Abstract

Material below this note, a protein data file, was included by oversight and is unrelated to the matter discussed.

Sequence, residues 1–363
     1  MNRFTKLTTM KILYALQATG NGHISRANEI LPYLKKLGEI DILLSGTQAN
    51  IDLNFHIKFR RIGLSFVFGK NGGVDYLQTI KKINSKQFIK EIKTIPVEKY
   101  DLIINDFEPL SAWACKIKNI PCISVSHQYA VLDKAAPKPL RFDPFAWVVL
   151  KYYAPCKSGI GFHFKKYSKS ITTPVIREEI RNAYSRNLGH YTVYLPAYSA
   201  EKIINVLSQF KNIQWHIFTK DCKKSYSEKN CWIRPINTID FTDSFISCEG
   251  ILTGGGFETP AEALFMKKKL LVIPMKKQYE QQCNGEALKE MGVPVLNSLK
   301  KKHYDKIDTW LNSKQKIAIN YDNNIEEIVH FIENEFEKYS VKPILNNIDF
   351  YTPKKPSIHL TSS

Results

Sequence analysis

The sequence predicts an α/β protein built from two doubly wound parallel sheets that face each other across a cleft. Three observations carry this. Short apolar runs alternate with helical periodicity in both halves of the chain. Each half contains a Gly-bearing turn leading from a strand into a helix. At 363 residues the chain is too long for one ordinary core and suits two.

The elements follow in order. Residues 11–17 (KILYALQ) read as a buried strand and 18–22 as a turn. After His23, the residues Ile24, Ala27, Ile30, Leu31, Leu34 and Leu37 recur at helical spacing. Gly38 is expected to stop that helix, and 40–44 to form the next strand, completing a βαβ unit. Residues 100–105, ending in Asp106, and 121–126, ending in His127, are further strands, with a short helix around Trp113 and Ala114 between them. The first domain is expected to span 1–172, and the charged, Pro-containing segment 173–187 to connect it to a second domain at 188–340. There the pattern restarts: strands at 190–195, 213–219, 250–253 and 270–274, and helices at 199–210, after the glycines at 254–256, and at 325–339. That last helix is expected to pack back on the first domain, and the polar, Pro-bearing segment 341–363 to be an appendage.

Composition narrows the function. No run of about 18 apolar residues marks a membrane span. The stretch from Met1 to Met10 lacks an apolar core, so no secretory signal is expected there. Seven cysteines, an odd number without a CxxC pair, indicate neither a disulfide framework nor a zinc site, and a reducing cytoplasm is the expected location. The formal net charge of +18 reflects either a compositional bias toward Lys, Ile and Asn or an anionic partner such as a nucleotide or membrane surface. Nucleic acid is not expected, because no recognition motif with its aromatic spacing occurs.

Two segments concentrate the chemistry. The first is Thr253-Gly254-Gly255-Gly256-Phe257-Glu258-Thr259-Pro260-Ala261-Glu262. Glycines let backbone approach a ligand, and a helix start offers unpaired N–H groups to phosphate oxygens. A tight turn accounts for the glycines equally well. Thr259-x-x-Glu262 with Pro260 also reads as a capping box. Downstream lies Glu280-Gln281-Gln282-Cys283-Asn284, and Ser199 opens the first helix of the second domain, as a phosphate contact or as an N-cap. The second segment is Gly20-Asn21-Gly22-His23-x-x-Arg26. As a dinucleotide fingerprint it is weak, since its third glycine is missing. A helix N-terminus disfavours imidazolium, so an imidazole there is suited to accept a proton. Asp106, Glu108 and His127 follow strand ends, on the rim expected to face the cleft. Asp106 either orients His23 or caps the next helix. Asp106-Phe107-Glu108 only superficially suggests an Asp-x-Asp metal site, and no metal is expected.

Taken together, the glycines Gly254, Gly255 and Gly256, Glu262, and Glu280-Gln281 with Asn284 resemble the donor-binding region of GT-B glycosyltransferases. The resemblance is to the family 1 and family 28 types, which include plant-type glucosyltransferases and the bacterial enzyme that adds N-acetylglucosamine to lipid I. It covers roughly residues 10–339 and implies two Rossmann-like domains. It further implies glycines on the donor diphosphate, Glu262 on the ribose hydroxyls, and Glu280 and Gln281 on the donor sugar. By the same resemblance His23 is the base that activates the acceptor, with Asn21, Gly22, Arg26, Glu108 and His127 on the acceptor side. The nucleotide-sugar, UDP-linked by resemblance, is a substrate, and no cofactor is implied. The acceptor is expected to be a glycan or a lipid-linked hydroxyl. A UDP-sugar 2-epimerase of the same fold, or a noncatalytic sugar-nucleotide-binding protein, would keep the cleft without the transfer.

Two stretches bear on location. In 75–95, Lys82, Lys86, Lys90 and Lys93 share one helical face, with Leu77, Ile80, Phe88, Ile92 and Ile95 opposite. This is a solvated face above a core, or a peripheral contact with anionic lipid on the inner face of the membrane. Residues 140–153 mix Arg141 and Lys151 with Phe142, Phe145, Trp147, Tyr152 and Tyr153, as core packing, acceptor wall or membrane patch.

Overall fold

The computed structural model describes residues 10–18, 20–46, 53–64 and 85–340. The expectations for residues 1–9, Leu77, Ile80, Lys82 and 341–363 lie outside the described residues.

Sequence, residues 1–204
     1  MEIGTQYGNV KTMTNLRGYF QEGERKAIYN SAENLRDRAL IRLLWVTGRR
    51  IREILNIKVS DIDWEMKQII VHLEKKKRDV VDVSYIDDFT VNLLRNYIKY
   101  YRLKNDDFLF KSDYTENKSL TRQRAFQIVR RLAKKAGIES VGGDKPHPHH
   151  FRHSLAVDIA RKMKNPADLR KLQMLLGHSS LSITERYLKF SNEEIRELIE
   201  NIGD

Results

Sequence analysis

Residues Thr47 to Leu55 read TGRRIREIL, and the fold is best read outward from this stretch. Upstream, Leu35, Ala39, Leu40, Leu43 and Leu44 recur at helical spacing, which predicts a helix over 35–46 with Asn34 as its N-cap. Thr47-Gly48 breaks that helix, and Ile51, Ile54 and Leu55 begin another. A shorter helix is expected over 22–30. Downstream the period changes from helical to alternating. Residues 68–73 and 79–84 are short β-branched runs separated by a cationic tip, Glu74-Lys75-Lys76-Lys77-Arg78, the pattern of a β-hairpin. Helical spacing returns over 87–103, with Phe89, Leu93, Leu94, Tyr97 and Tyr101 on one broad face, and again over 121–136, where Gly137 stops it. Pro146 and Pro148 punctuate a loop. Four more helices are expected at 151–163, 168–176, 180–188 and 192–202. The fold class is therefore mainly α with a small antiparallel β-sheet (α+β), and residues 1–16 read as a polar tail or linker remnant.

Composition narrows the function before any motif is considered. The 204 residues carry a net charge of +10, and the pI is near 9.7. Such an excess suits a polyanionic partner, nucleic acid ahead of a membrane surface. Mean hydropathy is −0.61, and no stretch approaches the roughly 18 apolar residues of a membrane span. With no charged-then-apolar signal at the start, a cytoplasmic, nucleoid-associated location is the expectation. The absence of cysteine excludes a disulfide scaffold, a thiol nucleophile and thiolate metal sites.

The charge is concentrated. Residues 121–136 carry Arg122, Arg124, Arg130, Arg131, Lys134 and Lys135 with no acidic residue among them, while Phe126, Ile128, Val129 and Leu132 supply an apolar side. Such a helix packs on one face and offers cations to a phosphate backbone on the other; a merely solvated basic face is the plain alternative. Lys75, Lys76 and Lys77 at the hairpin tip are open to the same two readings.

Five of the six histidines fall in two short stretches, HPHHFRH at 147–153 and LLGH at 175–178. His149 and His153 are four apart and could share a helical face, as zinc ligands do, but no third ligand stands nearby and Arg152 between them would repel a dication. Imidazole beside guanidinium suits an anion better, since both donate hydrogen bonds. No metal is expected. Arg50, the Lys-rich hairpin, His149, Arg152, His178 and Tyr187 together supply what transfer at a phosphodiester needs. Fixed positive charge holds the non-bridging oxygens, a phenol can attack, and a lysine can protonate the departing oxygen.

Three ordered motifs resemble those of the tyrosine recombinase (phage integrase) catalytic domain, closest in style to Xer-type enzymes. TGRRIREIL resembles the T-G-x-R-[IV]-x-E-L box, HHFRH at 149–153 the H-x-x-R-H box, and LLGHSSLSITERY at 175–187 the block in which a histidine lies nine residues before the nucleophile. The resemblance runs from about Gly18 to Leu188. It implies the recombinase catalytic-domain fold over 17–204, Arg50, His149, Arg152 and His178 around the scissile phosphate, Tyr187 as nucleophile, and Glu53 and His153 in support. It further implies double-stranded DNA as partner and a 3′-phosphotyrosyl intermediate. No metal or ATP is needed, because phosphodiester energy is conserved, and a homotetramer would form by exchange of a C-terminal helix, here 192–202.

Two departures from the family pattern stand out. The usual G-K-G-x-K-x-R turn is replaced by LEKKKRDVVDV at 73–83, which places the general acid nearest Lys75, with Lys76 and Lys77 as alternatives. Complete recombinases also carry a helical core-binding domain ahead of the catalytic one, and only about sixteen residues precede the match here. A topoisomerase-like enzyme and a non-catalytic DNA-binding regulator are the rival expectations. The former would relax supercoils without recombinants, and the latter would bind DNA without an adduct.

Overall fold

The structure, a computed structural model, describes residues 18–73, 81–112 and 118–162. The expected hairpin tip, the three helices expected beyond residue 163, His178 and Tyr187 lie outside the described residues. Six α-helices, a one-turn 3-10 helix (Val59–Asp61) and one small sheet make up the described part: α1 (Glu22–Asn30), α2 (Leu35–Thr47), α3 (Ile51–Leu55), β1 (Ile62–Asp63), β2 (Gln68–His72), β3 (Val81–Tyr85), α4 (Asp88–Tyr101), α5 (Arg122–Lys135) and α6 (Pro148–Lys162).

This paper describes a method for applying passive voltage contrast (PVC) in the failure analysis of CMOS LSIs using a conventional scanning electron microscope (SEM), and demonstrates the effectiveness of this method. It was confirmed by measurement of the stage absorption current that the combined emission efficiency of secondary and backscattered electrons from aluminum is larger than 1 at acceleration voltages lower than about 2.5 kV. This means that local positive charges should be generated on a conductor in association with its irradiation with an electron beam at a relatively low acceleration voltage. However, a pn junction connected to the conductor would change the potential. The potential is still positive if the conductor is connected to a reverse-biased diode but becomes lower if such a diode is forward-biased. The PVC signal observed on the conductor should be defined according to the bias state of any diode connected to the conductor. Therefore, for failure analysis applications, if the bias state of a diode connected to a suspicious conductor is known, the PVC observation is useful for determining whether there is an open defect or a short-circuit defect. Some case studies are presented to demonstrate the effectiveness of the method. Cross-sectional TEM observations of defects localized in this way are also included.

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